‘Approaching the Elephant’ illuminates free school effort with charm and grace


Urmilla Kuttikad

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Approaching the Elephant was the rare film I went into without any preconceived notions — I had no idea what to expect because I wasn’t familiar with the concept of free schools. As the movie explains, free schools arose in Venezuela during the Industrial Revolution to protest the accepted factory-esque model of education.

There are many models for free schools, but the documentary specifically explores the efforts of the Teddy McArdle Free School in Little Falls, NJ to take off the ground. At Teddy McArdle, grades, classes and attendance aren’t mandatory. The children go to school because they want to be there, they learn what they want to learn and all rules are decided through democratic process led by the students.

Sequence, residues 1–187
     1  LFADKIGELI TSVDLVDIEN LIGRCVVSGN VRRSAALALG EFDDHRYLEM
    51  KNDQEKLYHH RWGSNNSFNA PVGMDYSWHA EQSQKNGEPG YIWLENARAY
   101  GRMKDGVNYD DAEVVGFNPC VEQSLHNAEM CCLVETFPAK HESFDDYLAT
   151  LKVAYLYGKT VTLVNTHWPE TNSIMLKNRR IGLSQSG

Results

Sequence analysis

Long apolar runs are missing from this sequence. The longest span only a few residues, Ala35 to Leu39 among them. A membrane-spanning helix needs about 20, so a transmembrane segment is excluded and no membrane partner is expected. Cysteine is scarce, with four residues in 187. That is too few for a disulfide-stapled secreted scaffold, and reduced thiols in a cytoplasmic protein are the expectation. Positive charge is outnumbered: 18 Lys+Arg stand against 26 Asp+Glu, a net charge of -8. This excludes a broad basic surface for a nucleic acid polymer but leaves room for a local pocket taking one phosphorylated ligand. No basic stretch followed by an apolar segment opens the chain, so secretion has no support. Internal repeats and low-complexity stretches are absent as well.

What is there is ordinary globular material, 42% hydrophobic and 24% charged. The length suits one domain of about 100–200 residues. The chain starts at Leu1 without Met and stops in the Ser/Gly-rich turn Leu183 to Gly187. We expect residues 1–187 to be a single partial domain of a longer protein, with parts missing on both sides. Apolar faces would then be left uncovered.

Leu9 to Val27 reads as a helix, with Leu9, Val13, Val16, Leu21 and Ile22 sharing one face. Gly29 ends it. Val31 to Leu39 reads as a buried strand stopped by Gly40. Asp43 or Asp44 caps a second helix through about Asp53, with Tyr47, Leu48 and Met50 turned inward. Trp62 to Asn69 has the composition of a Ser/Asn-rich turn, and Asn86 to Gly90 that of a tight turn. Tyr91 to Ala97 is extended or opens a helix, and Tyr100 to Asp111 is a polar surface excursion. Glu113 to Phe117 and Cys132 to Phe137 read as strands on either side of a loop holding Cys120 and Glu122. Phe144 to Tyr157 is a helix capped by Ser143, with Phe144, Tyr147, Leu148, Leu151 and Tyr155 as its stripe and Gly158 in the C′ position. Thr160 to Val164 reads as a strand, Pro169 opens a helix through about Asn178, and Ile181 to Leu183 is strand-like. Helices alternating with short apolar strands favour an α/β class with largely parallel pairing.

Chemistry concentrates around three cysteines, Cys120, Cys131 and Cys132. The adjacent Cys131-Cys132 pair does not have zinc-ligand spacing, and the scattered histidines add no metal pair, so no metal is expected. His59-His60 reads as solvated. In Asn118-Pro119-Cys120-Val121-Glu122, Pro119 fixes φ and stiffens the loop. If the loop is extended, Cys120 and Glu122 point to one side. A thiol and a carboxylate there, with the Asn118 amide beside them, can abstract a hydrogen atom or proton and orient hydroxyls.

Presented entirely in a retro black and white, Approaching the Elephant is entirely observational. Interviews are rare and there seems to be no guided message whatsoever. Instead, the movie simply observes the school for a year — its frequent downs and shining ups. The natural charm and interactions of the young children keep this style of documentary fascinating. For a film about such a rare and relatively unknown topic, this directorial choice is crucial.
Regardless of its staunch lack of bias, Approaching the Elephant nevertheless finds you rooting with everything you’ve got for the school to succeed. The co-director of the school, Alexander Khost, is full of such determination, goodwill and compassion for the kids — and the kids themselves teem with such potential — that the film becomes not only moving, but galvanizing.
Though the school only remained open for two years due to insufficient funds, the progress and potential shown in that time is incredible. Approaching the Elephant does a great service in illuminating the effort and poses a striking question as to the power of non-conformity.
By Urmila Kutikkad